When Gloria DeMent and Marilyn Knowlden get together, they're able to talk about memories dating to the 1930s, including acting and dancing in a number of movies starring Shirley Temple, Bette Davis and James Cagney, and going on to graduate from Beverly Hills (Calif.) High School in 1943. A high school reunion in the mid-1990s brought them together again, and they picked up right where they left off.
"It is comforting and I think healing to be with old friends despite long absences," writes Gloria, of Escondido, Calif. "There's something quite magical about that."
Mutt and Jeff
"It seems like only yesterday we were skipping to school side by side," remembers Bev Kondas, of Osprey, Fla., of growing up with best friend Jackie Pennington. The girls were known as Mutt and Jeff in their neighborhood because Jackie was petite and bubbly, while Bev was "the tall, lanky, peculiar one."
While they lived across the street from one another, their lifestyles were worlds apart. "She was the baby daughter, and I was the oldest of four," recalls Bev, who cared for her three younger brothers while both parents worked. "I so envied her pampered lifestyle. Jackie always envied my family because she felt alone quite a bit of the time, whereas we were a madhouse of activity."
More than five decades later, the tables have turned. Jackie, 57, has four daughters, 14 grandchildren and a household of hubbub in Dayton, Ohio, while Bev and her husband opted to live quietly without kids. "Even with her family keeping her so busy, she has never failed me," says Bev, 59, "even to the point of spreading my mother's ashes with me when my husband wasn't available. I love her dearly."
"On a page of our high school yearbook, Glenda Kimbrel chose to autograph the sole of an old pair of sneakers," says Laurie Boone about best friend. "The picture says, 'We are soul sisters.' Indeed we have been; indeed, we are."
After more than a half century of friendship, Laurie gets a lump in her throat remembering how they camped in a backyard trailer as children in Oceanside, Calif., worked together on homecoming floats as teens and stood by each other "through the 1960s and the crazy college years."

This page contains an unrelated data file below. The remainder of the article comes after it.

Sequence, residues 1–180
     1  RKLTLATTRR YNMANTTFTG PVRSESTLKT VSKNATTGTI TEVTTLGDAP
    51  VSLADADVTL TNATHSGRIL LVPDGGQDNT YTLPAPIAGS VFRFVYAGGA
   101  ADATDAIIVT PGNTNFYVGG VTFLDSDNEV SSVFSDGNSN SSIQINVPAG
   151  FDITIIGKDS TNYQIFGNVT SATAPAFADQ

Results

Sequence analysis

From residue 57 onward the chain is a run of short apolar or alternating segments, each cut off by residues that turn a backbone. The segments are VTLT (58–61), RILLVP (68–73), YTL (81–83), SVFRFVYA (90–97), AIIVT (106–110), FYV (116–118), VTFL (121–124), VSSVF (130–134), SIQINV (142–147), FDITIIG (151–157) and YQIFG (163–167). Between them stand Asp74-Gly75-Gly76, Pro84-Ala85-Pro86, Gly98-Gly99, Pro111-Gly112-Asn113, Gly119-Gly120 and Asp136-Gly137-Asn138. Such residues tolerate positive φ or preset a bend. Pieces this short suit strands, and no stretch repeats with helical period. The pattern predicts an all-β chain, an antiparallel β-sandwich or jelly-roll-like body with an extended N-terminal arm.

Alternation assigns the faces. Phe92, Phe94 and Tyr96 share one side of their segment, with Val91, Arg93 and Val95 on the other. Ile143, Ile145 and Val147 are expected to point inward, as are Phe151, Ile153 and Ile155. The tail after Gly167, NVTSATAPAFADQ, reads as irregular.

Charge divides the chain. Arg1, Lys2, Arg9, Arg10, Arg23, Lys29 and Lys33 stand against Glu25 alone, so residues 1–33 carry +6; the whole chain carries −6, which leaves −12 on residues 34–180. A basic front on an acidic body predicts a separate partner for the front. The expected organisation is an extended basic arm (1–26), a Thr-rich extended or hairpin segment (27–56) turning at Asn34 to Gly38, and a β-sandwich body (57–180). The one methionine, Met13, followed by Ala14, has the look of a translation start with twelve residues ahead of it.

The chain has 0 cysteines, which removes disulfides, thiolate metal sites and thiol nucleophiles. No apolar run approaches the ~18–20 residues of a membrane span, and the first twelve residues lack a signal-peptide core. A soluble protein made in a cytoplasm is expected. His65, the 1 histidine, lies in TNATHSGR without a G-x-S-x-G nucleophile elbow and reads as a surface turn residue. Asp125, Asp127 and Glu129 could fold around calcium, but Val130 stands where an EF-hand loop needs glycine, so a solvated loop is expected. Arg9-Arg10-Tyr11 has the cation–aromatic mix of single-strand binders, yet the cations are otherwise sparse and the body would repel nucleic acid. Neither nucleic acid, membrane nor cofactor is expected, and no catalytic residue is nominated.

"We have continued to grow closer and closer as the years have unfolded and our friendship has made us better wives, mothers and women," says Laurie, of Carlsbad, Calif., noting that they with their husbands continue to ride bikes, take spontaneous walks and travel together.
When Laurie's daughter got married in 2009, Glenda and several family members made all the wedding invitations, decorated 400 cupcakes with rosebuds and helped the florist hang a flower-laden arch. The arch toppled just before the ceremony, but Glenda and her family jumped into action, even climbing a ladder in front of the guests to reposition it.
"Glenda is one of the most fun-loving, dependable, reliable, faithful people I know," Laurie says. "The generosity of her giving overwhelms me and motivates me to be a better friend in return."
Carol Sagaser and Cara Lynn Gosser are part of a family friendship that spans six generations.
Their great-grandparents farmed and befriended each other on neighboring land in McArthur, Calif., and Carol and Cara Lynn attended the same country schools as their parents. They rode the school bus together, participated in 4-H and attended the same church. Their daughters played together as toddlers, and now their grandchildren are getting to know each other as well.
A heritage of family friendship keeps them connected. "Cara Lynn and I have strong bonds of friendship that no matter how long between visits, we always start up right where we left off," says Carol, of El Dorado, Calif.
'Sisters' from God
Susan Bleecker and Frannie McMahon have not only been first cousins for the last 64 years, they've been best friends.
"Our mothers were sisters, and we literally came in the world together. Our moms shared a room at (the hospital) and had us 10 to 15 hours apart, depending on who is telling the story," says Susan, 64, who lives in Fleming Island, Fla. "We share everything with each other. I met my husband at her house. She was my maid of honor, and I was hers. We have the same weird sense of humor, and I know I can trust her with my life."
While the women live on opposite sides of the nation—Susan in Florida and Frannie in North Bend, Ore.—they remain close.
"I never had a sister, but God took care of that by giving me Frannie," Susan says.
Priorities and plans
Pam Brooks, of Gardner, Ill., says the key to sharing a 35-year friendship with Lori Bonarek, of Coal City, Ill., is always making time for each other—no matter how busy their lives have been. The payoff changes with each phase of life.
"When we were younger, we talked about our plans for the future; now we talk about our plans for retirement," says Pam, 45, who cherishes one of the friendship scrapbooks they made together when they turned 16. "Lori says when our husbands are gone, we will get a place together, somewhere sunny, and I will clean and you will cook. And we will live happily ever after—me and my best friend."